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Has the fumbled rollout of the federal Obamacare site finally claimed its first head?
The IT chief for the agency responsible for Obamacare is leaving to take a job in the private sector, five weeks after the much-criticized launch of HealthCare.gov.
Officials repeatedly refused Wednesday to answer whether Tony Trenkle, the chief information officer of the Centers for Medicare and Medicare Services, was forced out of the job that he has held for three years because of the tech issues with the Obamacare marketplace.
"Tony made a decision to move to the private sector," CMS spokeswoman Julie Bataille said during a conference call the second time a reporter asked if Trenkle was asked or pushed to leave. His departure is effective Nov. 15.
Bataille began the call by noting that HealthCare.gov was "performing slowly" Wednesday despite ongoing tech fixes.
Trenkle's boss, Health and Human Services Secretary Kathleen Sebelius, has repeatedly rebuffed Republican calls that she resign because of the glitch-plagued launch of HealthCare.gov.
On Wednesday, she again promised a Senate committee that HHS would release enrollment data from HealthCare.gov for the first time next week.
But hours after Sebelius' testimony, Bataille, in response to a question by CNBC.com, appeared to leave open the possibility that the enrollment data would not be released next week if officials continued to have questions about their accuracy.
"We're planning to release the data," she said, but "we want to make sure the information we release is reliable and accurate."
Sebelius had told a House committee last week that she could not release data then because she could not be confident about accuracy.
Since enrollment began Oct. 1, insurers have questioned the accuracy of applications from HealthCare.gov because of software flaws and other problems.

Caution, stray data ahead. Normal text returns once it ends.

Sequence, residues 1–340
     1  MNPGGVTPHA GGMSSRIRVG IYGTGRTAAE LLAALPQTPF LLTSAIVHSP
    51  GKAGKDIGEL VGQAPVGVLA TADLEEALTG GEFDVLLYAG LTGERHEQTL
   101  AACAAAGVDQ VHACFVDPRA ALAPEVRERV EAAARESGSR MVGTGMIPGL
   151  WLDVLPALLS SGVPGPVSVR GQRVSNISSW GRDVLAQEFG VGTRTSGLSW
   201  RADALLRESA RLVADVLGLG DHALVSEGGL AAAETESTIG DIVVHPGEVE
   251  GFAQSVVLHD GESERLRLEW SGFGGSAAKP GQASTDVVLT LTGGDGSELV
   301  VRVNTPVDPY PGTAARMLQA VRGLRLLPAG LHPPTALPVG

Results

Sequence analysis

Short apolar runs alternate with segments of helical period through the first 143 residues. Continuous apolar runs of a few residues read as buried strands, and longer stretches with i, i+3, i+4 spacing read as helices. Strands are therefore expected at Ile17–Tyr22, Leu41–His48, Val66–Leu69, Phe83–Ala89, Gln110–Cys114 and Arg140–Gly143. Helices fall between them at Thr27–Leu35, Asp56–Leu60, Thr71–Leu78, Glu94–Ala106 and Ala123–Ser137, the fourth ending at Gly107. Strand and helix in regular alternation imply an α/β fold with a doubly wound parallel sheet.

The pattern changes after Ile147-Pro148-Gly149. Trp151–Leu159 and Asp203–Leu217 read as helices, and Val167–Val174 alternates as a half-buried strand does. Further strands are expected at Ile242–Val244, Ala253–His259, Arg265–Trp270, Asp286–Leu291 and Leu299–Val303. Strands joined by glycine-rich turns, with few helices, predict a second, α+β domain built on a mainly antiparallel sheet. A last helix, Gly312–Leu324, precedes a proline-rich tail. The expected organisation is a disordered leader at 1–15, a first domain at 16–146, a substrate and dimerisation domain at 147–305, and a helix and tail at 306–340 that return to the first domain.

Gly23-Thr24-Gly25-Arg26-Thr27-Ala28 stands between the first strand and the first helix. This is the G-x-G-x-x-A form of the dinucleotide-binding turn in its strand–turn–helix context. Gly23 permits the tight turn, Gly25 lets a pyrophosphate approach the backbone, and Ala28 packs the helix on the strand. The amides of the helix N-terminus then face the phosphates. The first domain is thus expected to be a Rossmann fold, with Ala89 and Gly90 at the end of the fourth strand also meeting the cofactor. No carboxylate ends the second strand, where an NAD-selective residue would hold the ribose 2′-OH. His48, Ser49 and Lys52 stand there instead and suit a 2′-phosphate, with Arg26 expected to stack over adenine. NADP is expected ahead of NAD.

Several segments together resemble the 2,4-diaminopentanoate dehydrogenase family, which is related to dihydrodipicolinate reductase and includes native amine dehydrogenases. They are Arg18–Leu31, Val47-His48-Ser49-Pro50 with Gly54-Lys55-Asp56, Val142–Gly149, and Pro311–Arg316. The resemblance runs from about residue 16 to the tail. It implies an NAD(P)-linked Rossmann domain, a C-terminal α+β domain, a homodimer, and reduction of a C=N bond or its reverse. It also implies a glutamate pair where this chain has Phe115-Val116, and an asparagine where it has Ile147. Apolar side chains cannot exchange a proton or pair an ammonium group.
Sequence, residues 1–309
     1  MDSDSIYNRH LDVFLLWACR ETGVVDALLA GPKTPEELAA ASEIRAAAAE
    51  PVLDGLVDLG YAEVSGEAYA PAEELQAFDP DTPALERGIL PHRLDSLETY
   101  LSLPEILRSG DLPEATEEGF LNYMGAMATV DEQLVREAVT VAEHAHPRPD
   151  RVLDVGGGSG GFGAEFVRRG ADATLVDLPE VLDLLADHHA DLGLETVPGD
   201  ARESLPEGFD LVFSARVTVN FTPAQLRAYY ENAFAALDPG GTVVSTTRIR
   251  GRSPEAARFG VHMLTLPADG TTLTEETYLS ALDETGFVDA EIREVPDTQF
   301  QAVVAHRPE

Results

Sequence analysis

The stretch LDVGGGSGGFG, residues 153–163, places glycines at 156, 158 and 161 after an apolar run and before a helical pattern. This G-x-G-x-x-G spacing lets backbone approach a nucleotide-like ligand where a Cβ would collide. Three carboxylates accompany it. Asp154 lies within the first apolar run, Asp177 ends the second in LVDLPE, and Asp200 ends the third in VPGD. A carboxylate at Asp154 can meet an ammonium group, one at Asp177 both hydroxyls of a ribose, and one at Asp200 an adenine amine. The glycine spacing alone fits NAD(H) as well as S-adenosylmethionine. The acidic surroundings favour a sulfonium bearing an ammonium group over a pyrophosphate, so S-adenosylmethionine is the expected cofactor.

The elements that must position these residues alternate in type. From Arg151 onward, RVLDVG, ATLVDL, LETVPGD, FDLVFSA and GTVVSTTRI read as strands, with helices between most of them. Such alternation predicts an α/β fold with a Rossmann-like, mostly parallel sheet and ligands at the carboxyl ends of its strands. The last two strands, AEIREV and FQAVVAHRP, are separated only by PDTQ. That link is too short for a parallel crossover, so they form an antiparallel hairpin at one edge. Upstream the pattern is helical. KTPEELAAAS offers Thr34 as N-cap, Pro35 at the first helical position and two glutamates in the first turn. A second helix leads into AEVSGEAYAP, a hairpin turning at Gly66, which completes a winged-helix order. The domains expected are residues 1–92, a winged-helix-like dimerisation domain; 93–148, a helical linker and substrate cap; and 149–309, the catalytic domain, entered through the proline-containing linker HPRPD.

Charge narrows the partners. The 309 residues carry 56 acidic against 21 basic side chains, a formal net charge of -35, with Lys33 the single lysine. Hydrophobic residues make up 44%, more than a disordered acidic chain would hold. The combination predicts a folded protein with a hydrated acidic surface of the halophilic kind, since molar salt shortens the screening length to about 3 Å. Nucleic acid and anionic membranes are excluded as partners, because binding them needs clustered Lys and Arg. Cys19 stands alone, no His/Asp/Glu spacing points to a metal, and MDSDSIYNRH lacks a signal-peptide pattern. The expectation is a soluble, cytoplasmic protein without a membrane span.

CMS downplayed the seriousness of the issue for weeks, but two weeks ago, after being brought in to oversee the massive effort to fix HealthCare.gov, management guru Jeffrey Zients said it was at the top of his long list of to-do items.
(Read more: The future of Obamacare: Hospitals as insurers)
Officials have said they expect HealthCare.gov's initial enrollment level to be low when is announced, particularly because of the tech problems that have prevented many people from even creating an account before shopping for plans on the site.
Bataille noted Wednesday that when Massachusetts launched its health insurance exchange in 2006, sign-ups the first month were "something like 0.3 percent" of the number of people who ultimately enrolled in coverage.
But, Bataille said, "we believe our enrollments will increase over time."
She also said that HHS believes the fixes being made will enable HealthCare.gov to work smoothly for most visitors by the end of this month, and that "consumers will have ample time to enroll in the six-month enrollment period."
However, Jim Murray, chief operating officer of Humana told investors during a conference call Wednesday that the insurer expects the federal government to extend the sign-up period beyond the current March 31 deadline.
The insurance industry has strongly opposed such an extension, arguing that it will encourage people to wait until they get sick to get coverage, which in turn could throw off insurers' actuarial calculations and lead to premium price increases next year.
Under Obamacare, nearly all Americans must have health insurance by March 31 or pay a tax penalty.
—By CNBC's Dan Mangan. Follow him on Twitter @_DanMangan.